Now, anyone who knows me, will tell you I harbour a total dislike for taking minutes. But here I was, for the first time in the longest while, the subordinate, learner, looking to paint my future green. Boy, I can assure you this was going to be tough. Hahaha… The text had come through and a follow up on email. There was no pretending to have missed the info. ‘Doc, take the minutes for this week’s meeting.‘ I wanted to cry. There was Ms. Weisner who’s pronunciation I was still struggling to get around. Then Marcel, who spoke more in a manly whisper with the bass resounding hours after he had gone silent. Not to forget Mary, the gentlest soul I know. My biggest fear though had been the names of all participants. Two weeks down I think I only knew 5 names out of about 30-40 persons.
“Why Wanji? Whyyyyyy…. Please don’t make me do minutes.’ My salvation however happened when I noticed Tim had a tape-recorder. Eeehhh.. You should have seen the glow on my face. I mean, transcription was sure going to be my way out. My ahaaaa moment had come. My fears diminishing one at a time.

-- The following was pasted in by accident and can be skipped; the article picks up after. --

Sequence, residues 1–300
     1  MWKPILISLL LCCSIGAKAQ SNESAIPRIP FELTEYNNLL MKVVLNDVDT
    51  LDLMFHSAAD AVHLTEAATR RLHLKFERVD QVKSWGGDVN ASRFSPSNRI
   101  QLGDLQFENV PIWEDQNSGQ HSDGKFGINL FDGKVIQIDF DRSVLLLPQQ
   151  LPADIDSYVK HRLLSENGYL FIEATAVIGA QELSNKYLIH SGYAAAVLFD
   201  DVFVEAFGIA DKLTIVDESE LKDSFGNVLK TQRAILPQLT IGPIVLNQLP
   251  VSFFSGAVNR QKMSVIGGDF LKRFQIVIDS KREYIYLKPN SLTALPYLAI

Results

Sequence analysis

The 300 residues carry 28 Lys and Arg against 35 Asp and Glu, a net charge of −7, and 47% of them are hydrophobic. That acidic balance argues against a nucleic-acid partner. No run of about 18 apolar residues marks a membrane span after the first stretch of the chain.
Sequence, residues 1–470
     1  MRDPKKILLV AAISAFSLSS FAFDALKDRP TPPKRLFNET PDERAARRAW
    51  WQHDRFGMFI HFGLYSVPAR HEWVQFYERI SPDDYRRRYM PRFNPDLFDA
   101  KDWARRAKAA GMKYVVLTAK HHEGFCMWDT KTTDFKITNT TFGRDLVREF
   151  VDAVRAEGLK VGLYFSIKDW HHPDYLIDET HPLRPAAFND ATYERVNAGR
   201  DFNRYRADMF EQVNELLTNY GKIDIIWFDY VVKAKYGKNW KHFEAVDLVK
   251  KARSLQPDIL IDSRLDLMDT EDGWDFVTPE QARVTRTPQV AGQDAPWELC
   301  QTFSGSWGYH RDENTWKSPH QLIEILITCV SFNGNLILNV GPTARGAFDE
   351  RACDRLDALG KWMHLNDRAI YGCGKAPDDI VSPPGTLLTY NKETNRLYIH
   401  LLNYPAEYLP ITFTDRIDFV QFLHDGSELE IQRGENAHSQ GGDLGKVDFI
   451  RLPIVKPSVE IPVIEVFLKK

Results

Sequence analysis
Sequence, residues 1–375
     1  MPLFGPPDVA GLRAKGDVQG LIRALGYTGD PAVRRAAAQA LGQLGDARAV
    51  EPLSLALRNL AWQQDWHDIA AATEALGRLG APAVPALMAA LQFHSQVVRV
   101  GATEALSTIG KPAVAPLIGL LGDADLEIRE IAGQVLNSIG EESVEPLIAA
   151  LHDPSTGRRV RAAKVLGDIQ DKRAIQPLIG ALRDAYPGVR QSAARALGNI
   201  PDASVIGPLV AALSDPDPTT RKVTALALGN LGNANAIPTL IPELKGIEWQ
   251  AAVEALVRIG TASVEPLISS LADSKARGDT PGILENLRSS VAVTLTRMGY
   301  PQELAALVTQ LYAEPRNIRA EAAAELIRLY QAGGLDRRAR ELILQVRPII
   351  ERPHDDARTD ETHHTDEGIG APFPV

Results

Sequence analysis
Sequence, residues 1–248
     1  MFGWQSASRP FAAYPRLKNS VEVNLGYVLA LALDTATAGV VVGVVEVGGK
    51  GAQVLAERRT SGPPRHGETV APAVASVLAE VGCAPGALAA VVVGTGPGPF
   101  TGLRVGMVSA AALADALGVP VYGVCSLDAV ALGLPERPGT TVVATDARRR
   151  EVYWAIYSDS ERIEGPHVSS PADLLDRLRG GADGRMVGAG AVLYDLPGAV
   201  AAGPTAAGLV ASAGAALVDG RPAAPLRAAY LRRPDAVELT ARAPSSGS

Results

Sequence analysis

My best memories of this short term was Wanji’s forwards of the final documents I had worked on, with all the corrections done. Not to forget her acknowledgement of work delivered. I always looked forward to more work and the forthcoming lessons. She even reminded me that I had access to her whatever time, via text, email or call.
“Doc, ask and be open to learning. That is the way to grow. This is the start of a lifelong journey. And when the time comes for us to look back and write your testimony, I shall be glad, I put my trust in you,” Wanji had stated.
Did I tell you about the typing of hand written notes? That had been another looong morning. Mhhh. Wanji came in with notes upon notes, all handwritten, verbatim reporting from her on mission moments. And with the kindest voice she had asked that I type them for her. Well, this was easy, myself and the keyboard are best of buddies remember. So I got to work, word after word, comma and dashes. 2pm and the work was done. All hard words marked out with green on her notebook and the assignment sent out to her.